As toddlers and preschoolers begin to develop their communication skills, it can be hard to infer whether or not they are truly stuttering. They may stumble over words or repeat themselves in the middle of a sentence. However, it is not uncommon for young children to have disfluencies in their speech. They may also have periods of fluency and disfluency. This can occur due to excitement, tiredness, or feeling rushed to speak.
Children are not expected to be 100% fluent during this time in their lives. They are still working on expanding their vocabularies and learning language rules. For most toddlers and preschoolers, the disfluencies go away on their own. In other cases, signs of stuttering begin to become more clear.
How can you tell the difference between typical disfluencies that will fade over time and non-typical disfluencies that may indicate stuttering?
Typical (Less Likely to Continue)
- Repeating phrases and whole words – “I want to-I want to play” or “But-but I want to play”
- Filler words (um, uh)
- No tension/physical struggle when speaking
- No negative reaction or frustration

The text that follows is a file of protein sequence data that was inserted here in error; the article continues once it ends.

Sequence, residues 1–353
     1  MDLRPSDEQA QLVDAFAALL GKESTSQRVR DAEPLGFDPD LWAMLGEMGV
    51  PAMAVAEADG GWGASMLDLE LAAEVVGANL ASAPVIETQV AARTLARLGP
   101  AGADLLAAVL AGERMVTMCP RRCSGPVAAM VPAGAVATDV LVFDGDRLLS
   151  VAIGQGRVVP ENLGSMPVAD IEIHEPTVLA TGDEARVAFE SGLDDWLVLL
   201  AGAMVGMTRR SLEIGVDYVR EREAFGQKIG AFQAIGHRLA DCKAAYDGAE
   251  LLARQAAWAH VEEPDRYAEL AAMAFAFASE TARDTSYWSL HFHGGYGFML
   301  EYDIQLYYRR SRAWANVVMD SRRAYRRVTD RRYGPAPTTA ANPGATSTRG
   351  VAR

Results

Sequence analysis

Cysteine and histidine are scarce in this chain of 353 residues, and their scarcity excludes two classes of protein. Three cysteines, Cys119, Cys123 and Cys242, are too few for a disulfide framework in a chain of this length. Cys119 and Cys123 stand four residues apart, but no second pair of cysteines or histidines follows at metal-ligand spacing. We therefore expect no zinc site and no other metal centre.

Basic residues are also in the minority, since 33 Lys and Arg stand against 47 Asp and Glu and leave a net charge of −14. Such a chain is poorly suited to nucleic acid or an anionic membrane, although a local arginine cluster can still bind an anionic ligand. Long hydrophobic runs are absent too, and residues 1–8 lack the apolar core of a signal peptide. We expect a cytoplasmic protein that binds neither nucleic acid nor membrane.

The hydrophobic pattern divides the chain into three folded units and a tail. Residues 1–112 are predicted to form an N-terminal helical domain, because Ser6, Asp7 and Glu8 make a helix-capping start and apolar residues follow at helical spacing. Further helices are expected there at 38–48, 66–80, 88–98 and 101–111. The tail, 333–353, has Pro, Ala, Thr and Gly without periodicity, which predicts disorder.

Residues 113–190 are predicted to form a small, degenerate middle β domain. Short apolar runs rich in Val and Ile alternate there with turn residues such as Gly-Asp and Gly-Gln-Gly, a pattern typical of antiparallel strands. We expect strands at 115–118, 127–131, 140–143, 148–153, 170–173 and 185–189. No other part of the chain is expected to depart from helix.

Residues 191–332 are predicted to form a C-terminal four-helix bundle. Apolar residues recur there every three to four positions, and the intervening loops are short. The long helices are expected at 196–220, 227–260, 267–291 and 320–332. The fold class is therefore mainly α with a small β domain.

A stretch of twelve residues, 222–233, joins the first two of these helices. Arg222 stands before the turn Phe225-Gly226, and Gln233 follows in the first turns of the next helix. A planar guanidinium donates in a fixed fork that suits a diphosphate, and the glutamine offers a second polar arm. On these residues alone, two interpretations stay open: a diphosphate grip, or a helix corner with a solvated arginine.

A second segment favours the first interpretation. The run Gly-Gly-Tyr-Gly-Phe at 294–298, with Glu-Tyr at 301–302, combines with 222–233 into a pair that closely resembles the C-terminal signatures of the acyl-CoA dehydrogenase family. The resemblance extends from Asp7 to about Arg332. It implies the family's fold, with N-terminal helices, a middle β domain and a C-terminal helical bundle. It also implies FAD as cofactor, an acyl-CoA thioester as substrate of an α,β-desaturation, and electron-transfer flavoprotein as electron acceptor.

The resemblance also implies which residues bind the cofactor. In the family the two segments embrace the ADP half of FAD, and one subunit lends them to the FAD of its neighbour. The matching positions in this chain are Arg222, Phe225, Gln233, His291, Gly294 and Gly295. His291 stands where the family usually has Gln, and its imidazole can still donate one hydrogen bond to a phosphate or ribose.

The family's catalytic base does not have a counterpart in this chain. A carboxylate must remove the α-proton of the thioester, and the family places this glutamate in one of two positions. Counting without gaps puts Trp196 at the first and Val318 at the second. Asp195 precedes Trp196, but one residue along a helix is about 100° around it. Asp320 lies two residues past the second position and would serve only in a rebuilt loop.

- No family history of stuttering
- Disfluencies lasting less than 6 months
Not Typical (Higher Risk for Stuttering)
- Repeating sounds/syllables – “Throw me the b-b-ball”
- Sound prolongations – “Sssssssit with me”
- Blocks (appears to be trying to make a sound but can not)
- Physical struggle when speaking
- “Secondary” behaviors when having difficulty speaking (hand tapping, eye blinking, throat clearing)
- Negative reaction or frustration to speaking
- Family history of stuttering
- Disfluencies lasting longer than 6 months
If you are concerned about your child’s speech, speak with their pediatrician about getting a speech and language evaluation, or contact SpeechEasy to speak with a Provider and find the appropriate device!